My Name Is Selma
Selma Van De Perre
Scribner, New York, 2020, 204 pages
Book Review published on: May 6, 2022
My Name Is Selma is the autobiography of Selma Van De Perre, a Jewish Dutch woman who watched the Nazi takeover of her homeland, served in the resistance, then was captured, and survived the concentration camp at Ravensbruck, Germany.
The book begins with her early days, introducing many members of her extended family and describing her family’s nomadic life as they moved around the Netherlands because her father was in show business. There are many details about the interpersonal relationships within her extended family and how these impacted Selma as a girl and young woman. We also meet her two older brothers and younger sister.
The story transitions to the Nazi occupation. Her brothers would soon leave the Netherlands—one as a merchant marine, and the other with his Dutch army unit that moved to England after the collapse of the Dutch government. Over time, the Van De Perre family began to realize that the occupation would be trouble for the Jewish community. Eventually, Selma’s father was summoned by the authorities and sent to a work camp in the Netherlands. While there, he was able to write letters to the family. However, he was soon sent to Auschwitz, where he was murdered.
After her father left, Selma’s mother and sister left Amsterdam and went into hiding. As there wasn’t room for her, Selma, now twenty years of age, stayed in Amsterdam, working various jobs, and staying with extended family. Eventually, she moved on and began living under a false, non-Jewish identity.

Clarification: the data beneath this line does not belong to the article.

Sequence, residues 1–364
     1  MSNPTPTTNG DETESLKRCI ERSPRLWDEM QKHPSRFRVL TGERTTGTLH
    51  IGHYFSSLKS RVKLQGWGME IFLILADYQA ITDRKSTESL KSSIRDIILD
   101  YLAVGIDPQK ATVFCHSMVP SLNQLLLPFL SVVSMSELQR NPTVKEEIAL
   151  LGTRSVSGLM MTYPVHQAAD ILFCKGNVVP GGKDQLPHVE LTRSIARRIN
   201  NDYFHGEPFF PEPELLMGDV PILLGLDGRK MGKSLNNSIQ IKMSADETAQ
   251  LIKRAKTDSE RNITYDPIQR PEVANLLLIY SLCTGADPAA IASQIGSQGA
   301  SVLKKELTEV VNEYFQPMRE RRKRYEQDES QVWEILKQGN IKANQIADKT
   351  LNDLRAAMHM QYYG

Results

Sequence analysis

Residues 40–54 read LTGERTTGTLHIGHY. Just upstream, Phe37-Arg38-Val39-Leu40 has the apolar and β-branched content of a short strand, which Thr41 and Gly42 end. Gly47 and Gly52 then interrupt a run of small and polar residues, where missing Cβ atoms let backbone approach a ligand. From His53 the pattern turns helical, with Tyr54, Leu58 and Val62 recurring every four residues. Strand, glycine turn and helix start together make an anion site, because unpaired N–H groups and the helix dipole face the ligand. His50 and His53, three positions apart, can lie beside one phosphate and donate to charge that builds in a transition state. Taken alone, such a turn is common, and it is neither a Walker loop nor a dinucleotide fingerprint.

Selma met members of the Dutch resistance (though she didn’t know it at the time) through her extended family. Eventually, she began working with them, executing missions such as carrying messages and stealing a German officer’s identity papers. However, one of the leaders of her cell was arrested, which led to Selma’s capture at the age of twenty-two.
The second half of the book deals with Selma’s arrest and captivity. She was sentenced to imprisonment for the duration of the war. After a month in prison in Amsterdam, she was moved to a Dutch concentration camp near Vught in the southern Netherlands. A chapter details her time and the atrocities she saw there. About six weeks after her arrival, she was put on another train to the concentration camp at Ravensbruck.
Still living under her assumed identity, Selma would spend seven months at Ravensbruck. Her story describes daily life in the camp, jobs she was required to do, and some of the women she was interned with. The book also details the camp’s liberation and her trip, via Sweden, back to the Netherlands. It was in Sweden that she finally revealed her identity to the administrators.
Selma describes her postwar life—she’s still alive today! After the war, she learned that her parents and younger sister had been murdered, and that her two older brothers had survived. She moved to England, where she met her husband, with whom she had a son. In the final chapter, she discusses meeting fellow resistance members and prisoners in the decades that followed the war.
My Name Is Selma is a fascinating book and an enjoyable read. I found the part discussing her time with the Dutch resistance the most interesting; I wish the book included more details about this time. There are sixteen pages of black and white photographs, mostly family photos. My only complaint is that the book introduces many, many people from Selma’s family and her time in the resistance, and it’s not always easy to remember who she is talking about when a person reappears a few pages after their introduction. Keeping a list of characters would be helpful to the reader.
I recommend My Name Is Selma to anyone who enjoys reading about European World War II history. The book would be of note to those interested in Nazi-occupied Europe, the resistance to it, or the life of those who were captured and imprisoned in concentration camps.
Book Review written by: Joseph Curtis, Fort Leavenworth, Kansas